Even for people fortunate enough to be able to stay safely at home, the pandemic has created a lot of new challenges.
Many parents are feeling the strain as they try to homeschool, work from home, keep the house together, and plan activities for increasingly cooped up children.
So in the video below, Bonnie Goldstein, PhD, shares how she helped an overwhelmed parent find a way to focus on her online sessions without distraction – despite being in a busy home.
She hadn’t taken the time, until we started looking at this, to check in with herself. The words “pity-party” come to mind – her words. She said, “I have no reason to pity, I’m lucky, I have a house, I have food. There are so many people who are ill, there’s so many people who are struggling, this is horrible that I am presenting this in therapy.” We wanted to together collaborate and find a way to look at that sense of what was really shameful. She was feeling shame that she had any feelings other than gratitude. Of course, we can look at the gratitude piece, but right at this moment, our entree was to look at that shame that she felt that she couldn’t count on herself, that she couldn’t be there and present for herself, that she was feeling physically exhausted. Again, she said, “I’m not sick, I know I don’t have the virus, so I should be grateful. But I just have headaches, I’m tired and always lethargic and I know I’m not sick.” So there was that duality of not giving herself even the tiniest window.
So, I would play with her with, “Is there any part of you, even like a sliver of a moon, using the poet David White’s nomenclature, just a sliver of self-compassion for all that you have been caring for and doing?” Maybe even embracing – in her words – the pity party. “Let’s together erase the pity party, let’s embrace that part of you that really has never lent itself to being embraced,” and even as I spoke giving back her words and I slowed down my tone, as I am right now, the emotion crawled in. She was able to experience the deep, deep sadness and the sense of aloneness that she felt nobody was able to take care of her and that she was unable to take care of herself and she wasn’t doing an adequate enough job taking care of her kids. She had forgotten to take over her own needs, even the therapy session was interfered with kids running through and distractions and she didn’t have the containment that she had in our office.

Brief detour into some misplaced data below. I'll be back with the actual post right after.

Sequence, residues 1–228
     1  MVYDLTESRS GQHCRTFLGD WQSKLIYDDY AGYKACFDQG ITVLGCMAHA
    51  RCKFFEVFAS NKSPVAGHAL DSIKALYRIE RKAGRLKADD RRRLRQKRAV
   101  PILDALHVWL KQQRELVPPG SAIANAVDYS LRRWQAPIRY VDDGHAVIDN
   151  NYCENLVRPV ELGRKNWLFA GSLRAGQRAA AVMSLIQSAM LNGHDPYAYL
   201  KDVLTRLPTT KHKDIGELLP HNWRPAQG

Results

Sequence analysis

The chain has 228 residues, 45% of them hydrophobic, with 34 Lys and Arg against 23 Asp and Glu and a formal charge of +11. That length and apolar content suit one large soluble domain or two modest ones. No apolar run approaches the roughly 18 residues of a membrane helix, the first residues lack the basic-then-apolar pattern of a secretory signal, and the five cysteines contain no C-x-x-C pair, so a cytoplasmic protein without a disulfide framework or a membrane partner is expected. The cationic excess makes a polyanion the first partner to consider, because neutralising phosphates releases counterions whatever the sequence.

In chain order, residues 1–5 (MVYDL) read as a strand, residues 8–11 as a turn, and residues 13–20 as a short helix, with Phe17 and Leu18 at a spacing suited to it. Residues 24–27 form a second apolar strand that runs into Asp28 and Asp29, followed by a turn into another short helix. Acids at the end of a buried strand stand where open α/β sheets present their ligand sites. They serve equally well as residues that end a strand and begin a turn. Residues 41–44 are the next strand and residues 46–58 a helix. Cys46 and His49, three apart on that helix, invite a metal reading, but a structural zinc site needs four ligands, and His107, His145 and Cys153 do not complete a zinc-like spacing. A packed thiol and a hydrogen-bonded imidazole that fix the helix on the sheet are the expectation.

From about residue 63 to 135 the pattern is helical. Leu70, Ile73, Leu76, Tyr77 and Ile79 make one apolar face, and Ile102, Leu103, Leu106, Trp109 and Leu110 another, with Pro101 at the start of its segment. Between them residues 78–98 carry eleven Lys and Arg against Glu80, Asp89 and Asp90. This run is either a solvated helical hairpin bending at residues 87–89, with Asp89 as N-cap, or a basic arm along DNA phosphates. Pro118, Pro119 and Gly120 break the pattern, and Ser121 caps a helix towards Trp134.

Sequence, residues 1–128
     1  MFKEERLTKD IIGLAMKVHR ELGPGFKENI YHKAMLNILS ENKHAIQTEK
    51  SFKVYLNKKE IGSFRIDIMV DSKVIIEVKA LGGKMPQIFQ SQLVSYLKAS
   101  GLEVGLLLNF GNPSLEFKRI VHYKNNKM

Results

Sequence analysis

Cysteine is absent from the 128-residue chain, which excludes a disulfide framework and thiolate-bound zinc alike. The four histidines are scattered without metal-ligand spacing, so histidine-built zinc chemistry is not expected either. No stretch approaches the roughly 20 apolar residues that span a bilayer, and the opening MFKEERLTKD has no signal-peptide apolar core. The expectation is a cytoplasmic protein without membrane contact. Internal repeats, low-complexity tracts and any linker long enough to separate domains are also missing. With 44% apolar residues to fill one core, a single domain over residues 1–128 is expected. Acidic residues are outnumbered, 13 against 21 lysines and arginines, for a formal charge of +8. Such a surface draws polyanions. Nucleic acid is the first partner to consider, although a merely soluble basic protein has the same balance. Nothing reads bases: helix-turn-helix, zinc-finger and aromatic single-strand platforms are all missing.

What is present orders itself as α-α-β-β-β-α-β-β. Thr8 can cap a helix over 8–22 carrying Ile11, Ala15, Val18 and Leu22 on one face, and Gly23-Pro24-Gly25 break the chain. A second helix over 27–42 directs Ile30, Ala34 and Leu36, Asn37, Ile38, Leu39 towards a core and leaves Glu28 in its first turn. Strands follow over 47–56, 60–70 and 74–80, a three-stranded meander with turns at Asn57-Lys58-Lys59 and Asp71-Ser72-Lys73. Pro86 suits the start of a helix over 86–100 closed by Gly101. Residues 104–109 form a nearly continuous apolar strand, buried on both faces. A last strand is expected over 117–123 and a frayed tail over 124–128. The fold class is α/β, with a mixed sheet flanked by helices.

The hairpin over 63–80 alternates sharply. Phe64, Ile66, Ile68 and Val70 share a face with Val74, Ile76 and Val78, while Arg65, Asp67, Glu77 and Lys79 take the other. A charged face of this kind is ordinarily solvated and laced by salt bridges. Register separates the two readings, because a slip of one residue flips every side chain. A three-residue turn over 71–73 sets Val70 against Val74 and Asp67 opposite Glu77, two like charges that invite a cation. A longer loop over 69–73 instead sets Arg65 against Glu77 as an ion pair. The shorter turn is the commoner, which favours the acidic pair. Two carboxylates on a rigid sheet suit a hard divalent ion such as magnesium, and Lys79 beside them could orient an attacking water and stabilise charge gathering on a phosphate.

So that was one really important thing you had to do is say, “How do we carve out a time for us to have a session where you don’t feel pulled in a million directions, where you were able to just be with me in the session and therefore just be with yourself in this?” For her, she set up our session in the bathroom, she said that’s the place she could lock the door. There was nowhere else in her house that she felt she could go where she could truly be on her own, in the quiet, in the containment. In her family, that was the respect, people respected locked doors, so there she found a space, but we decided together to make it not the space for elimination, but the space for her to embrace. She brought in her glass of champagne because she said she wanted to be able to feel the joy the bubbly brought as associations from better times. She also lit a candle, and for her, it was an aroma therapy candle. I, too, lit one of my candles – we have candles all over the offices – so that I was able to join with her in that. We joked about how my glass of champagne wouldn’t be champagne, but it didn’t matter, my cup of tea was what worked for me. And so together, we were able to bond, we were able to joke, we were able to share that human offering.
How have you helped parents who are feeling overwhelmed during quarantine? What has been the most effective strategy you’ve found to help them?
Please share your experience in the comment section below.
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